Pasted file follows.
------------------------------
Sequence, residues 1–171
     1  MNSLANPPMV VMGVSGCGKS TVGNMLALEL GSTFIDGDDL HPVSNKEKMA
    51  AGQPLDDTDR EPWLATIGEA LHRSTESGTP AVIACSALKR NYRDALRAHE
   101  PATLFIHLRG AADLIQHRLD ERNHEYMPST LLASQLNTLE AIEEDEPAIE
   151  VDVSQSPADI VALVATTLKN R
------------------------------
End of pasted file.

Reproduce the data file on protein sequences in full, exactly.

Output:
Sequence, residues 1–171
     1  MNSLANPPMV VMGVSGCGKS TVGNMLALEL GSTFIDGDDL HPVSNKEKMA
    51  AGQPLDDTDR EPWLATIGEA LHRSTESGTP AVIACSALKR NYRDALRAHE
   101  PATLFIHLRG AADLIQHRLD ERNHEYMPST LLASQLNTLE AIEEDEPAIE
   151  VDVSQSPADI VALVATTLKN R